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From Daniel Kulp <daniel.k...@iona.com>
Subject Re: Snapshots - was Re: [java]: compilation failure on M2 and trunk
Date Wed, 03 Oct 2007 20:21:35 GMT
On Wednesday 03 October 2007, Robert Greig wrote:
> > Since you haven't done a release, the artifacts aren't there.
> > Once you do the release (providing it's done properly) and actually
> > start getting users that want to integrate Qpid into their builds,
> > this starts becoming increasingly important.
>
> Are you saying there is no way to use a jar in a maven build that
> isn't available on a maven repo? If so that sounds like a pretty
> damning indictment of maven.

Well, there ARE ways to do it, but it's very hard to do and it's very 
fragile so for all intents and purposes, the answer is no.

But that's not a bad thing.   It's a good thing and was specifically 
designed to be that way.

Couple of reasons:
1) Ease for developers - when I need to update a dependency version, I 
just change the version number in my pom and run "mvn install" and mvn 
does the rest to test to see if it will work.   The old way of going off 
to download their distribution, unpacking it, replacing the jars in my 
lib dir, checking the other jars in the distribution (maybe the new 
version includes/depends on newer versions of other things), possibly 
updating the build scripts, etc... really sucks.   

For example: you are currently using mina version 1.0.0.   I see 1.0.6 
was released yesterday.   To see if qpid works, just update your top 
level pom to 1.0.6 and run.   There's also a 1.1.3 released yesterday.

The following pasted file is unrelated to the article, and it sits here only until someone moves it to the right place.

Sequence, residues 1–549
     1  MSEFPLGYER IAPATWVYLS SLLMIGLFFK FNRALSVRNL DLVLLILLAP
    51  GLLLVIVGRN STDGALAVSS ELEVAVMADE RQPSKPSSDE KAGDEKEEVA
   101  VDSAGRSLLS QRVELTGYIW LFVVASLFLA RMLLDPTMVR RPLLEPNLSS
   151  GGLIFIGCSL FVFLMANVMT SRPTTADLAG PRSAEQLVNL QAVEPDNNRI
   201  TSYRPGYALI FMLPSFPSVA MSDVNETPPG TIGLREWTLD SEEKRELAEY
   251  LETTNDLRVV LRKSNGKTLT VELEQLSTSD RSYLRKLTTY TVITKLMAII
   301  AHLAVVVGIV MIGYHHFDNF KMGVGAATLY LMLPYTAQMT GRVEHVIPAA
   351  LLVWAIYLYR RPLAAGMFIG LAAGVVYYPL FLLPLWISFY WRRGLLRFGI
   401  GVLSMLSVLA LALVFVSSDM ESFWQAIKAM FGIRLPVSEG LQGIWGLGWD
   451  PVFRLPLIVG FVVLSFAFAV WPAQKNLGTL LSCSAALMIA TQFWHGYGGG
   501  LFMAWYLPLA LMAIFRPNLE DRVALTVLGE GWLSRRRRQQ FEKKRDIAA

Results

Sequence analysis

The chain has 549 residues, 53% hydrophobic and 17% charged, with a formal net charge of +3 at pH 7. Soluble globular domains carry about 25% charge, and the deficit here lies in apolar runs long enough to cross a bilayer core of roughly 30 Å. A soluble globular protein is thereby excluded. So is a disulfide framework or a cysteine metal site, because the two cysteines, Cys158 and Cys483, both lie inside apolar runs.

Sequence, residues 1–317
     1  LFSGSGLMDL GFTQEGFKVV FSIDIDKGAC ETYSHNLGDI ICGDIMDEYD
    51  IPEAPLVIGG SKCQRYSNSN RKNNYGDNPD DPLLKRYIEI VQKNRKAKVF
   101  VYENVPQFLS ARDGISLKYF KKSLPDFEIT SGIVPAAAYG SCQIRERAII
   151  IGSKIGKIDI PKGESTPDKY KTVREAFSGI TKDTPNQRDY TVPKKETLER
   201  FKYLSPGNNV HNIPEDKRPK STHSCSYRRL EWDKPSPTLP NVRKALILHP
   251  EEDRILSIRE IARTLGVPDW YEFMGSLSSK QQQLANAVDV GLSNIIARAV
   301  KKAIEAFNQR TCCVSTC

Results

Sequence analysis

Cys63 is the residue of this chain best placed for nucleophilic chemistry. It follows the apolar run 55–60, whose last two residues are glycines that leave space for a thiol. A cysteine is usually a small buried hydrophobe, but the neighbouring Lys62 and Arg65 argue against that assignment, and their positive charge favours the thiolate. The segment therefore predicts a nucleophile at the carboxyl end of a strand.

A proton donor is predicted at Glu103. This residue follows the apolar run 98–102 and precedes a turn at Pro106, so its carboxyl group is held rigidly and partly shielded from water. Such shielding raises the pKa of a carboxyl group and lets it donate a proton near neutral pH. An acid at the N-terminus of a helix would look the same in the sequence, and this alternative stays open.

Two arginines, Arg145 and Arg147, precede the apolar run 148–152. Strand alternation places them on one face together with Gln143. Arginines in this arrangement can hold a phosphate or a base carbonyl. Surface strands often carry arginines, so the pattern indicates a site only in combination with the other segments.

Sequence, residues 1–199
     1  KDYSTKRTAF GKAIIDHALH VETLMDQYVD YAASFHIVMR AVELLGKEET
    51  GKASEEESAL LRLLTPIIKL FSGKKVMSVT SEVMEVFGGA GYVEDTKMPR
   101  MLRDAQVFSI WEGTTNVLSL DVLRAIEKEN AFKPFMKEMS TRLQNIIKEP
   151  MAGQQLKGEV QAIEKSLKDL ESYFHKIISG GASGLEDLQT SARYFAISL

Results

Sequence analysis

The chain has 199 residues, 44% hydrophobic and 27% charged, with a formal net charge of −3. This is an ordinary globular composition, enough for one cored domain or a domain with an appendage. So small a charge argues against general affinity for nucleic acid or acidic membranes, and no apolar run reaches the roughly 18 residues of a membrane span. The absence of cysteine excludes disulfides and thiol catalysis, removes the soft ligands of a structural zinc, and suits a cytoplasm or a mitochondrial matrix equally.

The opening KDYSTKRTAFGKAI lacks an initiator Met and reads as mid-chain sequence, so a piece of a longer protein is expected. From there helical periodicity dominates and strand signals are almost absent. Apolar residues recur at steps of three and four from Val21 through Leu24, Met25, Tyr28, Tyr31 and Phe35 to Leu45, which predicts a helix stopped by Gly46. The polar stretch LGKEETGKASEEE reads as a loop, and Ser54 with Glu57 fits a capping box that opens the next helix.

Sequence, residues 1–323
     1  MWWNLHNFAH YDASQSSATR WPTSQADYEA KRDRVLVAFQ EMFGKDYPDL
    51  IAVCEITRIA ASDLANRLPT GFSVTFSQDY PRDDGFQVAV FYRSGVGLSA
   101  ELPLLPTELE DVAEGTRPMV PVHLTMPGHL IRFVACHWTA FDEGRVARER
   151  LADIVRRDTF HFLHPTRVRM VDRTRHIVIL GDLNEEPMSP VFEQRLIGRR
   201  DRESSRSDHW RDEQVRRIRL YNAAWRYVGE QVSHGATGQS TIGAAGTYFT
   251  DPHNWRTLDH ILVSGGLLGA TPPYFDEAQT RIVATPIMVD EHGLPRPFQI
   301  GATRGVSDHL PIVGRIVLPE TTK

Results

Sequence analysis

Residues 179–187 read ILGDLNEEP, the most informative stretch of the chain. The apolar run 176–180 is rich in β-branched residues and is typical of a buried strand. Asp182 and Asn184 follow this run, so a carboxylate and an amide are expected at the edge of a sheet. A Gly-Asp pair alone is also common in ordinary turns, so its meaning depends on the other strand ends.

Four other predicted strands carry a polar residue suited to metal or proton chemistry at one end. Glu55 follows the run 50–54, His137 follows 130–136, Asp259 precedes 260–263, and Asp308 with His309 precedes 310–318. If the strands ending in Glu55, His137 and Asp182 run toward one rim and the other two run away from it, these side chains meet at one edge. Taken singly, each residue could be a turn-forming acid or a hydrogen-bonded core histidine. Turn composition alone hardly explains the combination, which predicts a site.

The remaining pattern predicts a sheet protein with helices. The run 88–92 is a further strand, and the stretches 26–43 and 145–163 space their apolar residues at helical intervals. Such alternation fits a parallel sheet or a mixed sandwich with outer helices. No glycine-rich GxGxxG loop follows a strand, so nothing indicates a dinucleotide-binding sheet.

Again, update and try it.  (I assume 1.1.x might have more API changes 
that may require more work).     If I want to try the 1.0.7-SNAPSHOT 
builds, that's easy too.


2) Ease for your users - related to (1).   If you do a "mvn deploy", all 
your artifacts should then be in the repo.   I could depend on 
qpid-client only and I'd get everything that qpid-client needs 
automatically.   If you have a pom pointing at a local file not in a 
repo, I would then also have to go off to figure out where the hell that 
file is and also do all the "magic" to get mvn to use it.   

It cycles down from there.   Lets say I then deploy new artifacts.   My 
users would then also have to find the jar, etc...   They may not know 
that I even use qpid.   They would just complain and bitch at me for 
something you started.

If the poms accurately describe all the dependencies and the dependencies 
are all available, mvn make it easier for you as well as projects that 
depend on you. (if they also use mvn or the mvn extensions to ant or 
Ivy, which all would use the repositories)


-- 
J. Daniel Kulp
Principal Engineer
IONA
P: 781-902-8727    C: 508-380-7194
daniel.kulp@iona.com
http://www.dankulp.com/blog

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